Answers from Our Experts (1)
The mother of all Chicago Parks is Millennium Park, completed in 2004 under Mayor Richard M. Daley, located in the heart of downtown just north of the Art Institute of Chicago. Never mind that it exceeded its budget by about three-fold; today it's one of the most popular destinations in the city, frequented year-round by locals and tourists alike. In the summertime, Chicagoans flock to the Frank Gehry-designed Jay Pritzker Pavilion for free concerts as varied as Chicago's weather: powerhouse classical works performed by the Chicago Symphony Orchestra, of-the-moment indie acts such as She & Him, and world music artists flown in from every continent. Millennium Park was conceived as Chicago's "front yard," and locals love to play in it.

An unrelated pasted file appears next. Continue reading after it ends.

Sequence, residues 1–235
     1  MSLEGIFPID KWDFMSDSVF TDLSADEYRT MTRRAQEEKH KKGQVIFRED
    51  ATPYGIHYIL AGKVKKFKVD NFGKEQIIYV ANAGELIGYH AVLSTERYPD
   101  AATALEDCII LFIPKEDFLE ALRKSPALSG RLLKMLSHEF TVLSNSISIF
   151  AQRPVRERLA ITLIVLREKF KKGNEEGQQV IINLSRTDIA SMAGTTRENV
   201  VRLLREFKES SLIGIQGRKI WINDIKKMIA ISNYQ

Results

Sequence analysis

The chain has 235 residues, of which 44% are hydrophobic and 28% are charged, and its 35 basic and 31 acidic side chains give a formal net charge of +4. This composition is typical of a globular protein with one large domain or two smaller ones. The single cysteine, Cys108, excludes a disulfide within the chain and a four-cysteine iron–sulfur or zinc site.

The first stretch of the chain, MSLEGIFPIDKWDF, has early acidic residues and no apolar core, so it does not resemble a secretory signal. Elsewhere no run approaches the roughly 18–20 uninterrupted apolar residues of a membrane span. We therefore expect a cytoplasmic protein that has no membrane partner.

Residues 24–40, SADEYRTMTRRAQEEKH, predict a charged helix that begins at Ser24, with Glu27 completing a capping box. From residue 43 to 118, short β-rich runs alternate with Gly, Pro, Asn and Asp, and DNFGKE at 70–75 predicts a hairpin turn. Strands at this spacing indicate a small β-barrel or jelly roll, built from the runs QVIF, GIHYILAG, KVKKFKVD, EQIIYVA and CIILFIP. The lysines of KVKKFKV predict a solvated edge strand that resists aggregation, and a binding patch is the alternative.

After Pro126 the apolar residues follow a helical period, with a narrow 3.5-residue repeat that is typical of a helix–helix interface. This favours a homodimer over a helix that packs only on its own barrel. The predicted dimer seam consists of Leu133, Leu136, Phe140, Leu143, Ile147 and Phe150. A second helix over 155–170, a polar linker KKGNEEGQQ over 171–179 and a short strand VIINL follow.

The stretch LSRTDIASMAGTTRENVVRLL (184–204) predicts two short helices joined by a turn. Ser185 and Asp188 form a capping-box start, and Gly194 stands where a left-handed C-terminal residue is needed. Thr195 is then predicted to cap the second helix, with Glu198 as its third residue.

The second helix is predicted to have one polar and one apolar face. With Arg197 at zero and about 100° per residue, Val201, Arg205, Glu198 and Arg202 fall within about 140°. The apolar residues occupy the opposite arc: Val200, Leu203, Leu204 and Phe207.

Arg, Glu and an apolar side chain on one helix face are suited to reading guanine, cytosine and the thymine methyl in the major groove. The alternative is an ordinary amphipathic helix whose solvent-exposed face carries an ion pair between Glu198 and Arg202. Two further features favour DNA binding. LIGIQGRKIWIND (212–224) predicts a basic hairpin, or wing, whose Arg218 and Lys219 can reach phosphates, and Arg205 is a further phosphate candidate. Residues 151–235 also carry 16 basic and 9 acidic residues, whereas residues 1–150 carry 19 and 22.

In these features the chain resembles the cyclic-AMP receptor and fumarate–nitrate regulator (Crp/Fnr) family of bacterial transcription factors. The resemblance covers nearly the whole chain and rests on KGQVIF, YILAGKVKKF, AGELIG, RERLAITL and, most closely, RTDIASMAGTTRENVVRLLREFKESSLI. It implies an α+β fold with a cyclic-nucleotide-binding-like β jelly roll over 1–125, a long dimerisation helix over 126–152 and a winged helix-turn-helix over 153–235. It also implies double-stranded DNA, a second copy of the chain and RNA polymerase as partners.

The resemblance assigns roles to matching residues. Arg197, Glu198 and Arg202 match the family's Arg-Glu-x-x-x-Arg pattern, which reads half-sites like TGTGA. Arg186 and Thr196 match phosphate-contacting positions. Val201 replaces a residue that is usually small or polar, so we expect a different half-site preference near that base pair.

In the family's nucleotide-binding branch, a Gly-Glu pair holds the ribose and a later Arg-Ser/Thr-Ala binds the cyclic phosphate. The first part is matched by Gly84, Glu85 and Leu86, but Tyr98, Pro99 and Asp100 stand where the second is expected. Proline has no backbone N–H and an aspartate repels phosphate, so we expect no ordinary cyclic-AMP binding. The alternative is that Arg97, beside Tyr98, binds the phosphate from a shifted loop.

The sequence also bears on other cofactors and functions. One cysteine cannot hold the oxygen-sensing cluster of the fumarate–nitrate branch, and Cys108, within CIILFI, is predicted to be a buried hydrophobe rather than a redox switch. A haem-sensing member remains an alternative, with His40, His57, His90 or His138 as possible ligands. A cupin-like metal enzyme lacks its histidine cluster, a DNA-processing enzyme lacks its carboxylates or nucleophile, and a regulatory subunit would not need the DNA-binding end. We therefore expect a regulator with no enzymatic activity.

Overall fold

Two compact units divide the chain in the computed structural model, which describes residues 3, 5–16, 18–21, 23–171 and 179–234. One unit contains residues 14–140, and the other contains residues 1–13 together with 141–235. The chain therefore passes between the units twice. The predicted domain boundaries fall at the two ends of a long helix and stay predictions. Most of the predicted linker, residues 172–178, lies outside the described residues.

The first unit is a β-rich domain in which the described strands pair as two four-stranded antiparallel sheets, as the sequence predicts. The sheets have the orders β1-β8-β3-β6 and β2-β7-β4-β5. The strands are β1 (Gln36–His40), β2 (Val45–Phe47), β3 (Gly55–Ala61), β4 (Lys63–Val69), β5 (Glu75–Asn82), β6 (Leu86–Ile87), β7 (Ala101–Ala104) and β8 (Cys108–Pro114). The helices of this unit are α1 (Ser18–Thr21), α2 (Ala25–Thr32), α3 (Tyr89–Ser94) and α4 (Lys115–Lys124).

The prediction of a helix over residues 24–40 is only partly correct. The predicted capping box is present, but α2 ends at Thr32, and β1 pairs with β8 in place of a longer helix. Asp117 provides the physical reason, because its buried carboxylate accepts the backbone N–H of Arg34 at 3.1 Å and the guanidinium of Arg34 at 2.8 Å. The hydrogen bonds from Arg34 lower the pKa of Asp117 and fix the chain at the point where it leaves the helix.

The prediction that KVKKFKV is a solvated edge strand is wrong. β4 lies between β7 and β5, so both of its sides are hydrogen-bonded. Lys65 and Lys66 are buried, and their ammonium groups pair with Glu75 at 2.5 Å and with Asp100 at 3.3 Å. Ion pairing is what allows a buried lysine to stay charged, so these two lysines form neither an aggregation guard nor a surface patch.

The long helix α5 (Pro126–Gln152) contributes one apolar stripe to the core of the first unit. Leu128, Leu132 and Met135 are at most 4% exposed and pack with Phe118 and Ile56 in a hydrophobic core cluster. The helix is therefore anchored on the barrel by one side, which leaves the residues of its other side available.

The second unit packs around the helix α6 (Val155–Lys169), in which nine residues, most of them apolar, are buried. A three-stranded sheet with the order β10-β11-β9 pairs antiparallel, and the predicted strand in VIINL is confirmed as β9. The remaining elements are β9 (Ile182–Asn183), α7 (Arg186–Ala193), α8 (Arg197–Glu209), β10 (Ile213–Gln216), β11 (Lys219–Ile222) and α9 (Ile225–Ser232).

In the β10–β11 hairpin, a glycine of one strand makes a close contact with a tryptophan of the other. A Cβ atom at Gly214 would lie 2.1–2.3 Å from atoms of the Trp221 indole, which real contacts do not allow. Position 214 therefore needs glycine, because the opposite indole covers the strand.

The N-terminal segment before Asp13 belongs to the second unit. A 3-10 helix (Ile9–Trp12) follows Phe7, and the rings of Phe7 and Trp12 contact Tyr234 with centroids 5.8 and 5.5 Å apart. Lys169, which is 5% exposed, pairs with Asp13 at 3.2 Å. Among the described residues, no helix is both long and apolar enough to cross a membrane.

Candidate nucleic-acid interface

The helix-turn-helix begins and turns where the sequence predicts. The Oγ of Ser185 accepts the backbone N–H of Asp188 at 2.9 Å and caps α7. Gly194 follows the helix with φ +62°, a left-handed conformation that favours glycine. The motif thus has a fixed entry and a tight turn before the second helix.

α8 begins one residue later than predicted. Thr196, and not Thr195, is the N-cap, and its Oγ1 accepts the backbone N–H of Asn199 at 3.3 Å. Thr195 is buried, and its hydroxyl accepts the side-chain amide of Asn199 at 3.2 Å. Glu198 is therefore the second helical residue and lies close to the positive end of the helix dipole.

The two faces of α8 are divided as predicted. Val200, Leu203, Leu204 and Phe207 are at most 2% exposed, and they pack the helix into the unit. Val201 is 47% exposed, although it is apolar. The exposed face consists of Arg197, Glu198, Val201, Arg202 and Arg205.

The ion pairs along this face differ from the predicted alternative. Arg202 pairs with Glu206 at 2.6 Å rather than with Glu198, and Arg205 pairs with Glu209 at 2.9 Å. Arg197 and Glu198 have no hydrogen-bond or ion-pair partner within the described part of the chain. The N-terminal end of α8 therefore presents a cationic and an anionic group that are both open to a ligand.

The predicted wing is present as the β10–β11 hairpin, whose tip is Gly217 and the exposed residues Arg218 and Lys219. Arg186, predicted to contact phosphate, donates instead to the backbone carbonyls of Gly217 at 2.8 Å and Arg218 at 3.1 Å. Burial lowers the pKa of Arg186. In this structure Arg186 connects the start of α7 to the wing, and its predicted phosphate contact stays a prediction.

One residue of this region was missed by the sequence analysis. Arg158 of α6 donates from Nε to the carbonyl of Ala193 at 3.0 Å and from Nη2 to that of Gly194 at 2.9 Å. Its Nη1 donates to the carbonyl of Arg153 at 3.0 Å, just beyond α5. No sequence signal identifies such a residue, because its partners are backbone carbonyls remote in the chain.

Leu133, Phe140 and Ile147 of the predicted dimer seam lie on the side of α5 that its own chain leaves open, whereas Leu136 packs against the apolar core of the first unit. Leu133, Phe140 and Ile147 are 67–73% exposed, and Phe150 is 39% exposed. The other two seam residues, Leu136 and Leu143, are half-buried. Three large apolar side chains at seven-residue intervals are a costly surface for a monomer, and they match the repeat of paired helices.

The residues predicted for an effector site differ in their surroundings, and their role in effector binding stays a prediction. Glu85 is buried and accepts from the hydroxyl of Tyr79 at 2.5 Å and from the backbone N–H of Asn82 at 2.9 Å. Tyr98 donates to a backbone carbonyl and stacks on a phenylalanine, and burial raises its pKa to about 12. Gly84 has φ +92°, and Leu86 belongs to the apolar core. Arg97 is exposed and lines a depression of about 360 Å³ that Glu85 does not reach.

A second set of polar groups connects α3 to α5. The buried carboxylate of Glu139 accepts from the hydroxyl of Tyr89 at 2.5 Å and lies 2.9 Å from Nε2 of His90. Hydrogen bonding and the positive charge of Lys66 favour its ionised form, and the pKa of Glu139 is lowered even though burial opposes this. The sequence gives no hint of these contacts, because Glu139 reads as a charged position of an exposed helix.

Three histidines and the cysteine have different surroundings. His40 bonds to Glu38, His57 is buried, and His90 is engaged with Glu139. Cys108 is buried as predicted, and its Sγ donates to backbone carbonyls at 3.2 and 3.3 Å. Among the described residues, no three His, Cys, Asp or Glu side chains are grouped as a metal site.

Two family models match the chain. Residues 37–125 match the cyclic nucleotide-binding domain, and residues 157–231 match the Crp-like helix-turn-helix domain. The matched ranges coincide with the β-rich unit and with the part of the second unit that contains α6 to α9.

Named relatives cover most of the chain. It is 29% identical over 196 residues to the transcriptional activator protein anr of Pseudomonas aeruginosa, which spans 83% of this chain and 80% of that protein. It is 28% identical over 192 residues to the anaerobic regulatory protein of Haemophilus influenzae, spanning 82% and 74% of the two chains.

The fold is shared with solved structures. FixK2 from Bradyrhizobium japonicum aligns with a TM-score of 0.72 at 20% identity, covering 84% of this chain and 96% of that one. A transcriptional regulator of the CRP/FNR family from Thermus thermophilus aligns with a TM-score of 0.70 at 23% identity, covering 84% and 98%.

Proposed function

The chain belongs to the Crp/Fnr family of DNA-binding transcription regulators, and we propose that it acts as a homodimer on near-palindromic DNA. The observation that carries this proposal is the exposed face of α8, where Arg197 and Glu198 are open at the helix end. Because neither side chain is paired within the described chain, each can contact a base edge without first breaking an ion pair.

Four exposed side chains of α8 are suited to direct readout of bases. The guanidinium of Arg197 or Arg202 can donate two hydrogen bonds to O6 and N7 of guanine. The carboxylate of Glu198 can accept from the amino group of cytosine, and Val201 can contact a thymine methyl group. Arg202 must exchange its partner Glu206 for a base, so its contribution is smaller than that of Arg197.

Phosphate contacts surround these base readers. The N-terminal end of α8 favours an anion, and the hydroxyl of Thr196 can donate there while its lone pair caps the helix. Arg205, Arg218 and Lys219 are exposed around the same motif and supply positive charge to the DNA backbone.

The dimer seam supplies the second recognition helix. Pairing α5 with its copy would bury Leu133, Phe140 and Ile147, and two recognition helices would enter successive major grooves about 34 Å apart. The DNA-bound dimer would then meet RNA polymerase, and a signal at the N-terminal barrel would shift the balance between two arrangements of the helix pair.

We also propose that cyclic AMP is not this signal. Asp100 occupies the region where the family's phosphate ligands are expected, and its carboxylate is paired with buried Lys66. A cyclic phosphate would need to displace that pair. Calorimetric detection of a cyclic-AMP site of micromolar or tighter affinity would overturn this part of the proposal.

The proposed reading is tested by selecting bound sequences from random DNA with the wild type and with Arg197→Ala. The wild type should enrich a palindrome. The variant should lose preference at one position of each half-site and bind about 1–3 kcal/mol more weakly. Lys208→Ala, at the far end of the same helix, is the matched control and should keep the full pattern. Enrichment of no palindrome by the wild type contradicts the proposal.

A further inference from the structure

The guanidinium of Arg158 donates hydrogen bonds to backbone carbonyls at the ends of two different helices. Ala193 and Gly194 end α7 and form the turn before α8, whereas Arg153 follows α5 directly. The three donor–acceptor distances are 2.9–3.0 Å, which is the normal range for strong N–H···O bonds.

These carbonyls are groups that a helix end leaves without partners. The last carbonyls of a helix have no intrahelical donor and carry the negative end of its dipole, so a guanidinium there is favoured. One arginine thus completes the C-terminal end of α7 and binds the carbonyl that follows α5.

Vast, green Lincoln Park is Chicago's most regal park, home to both the Lincoln Park Zoo and Lincoln Park Conservatory, freckled with picturesque lilly ponds and lined with running and cycling paths. Just west of Lake Michigan on the city's North Side, Lincoln Park stretches oblong north and south and is incredibly popular with residents in its eponymous neighborhood to the west, and visitors to its various attractions.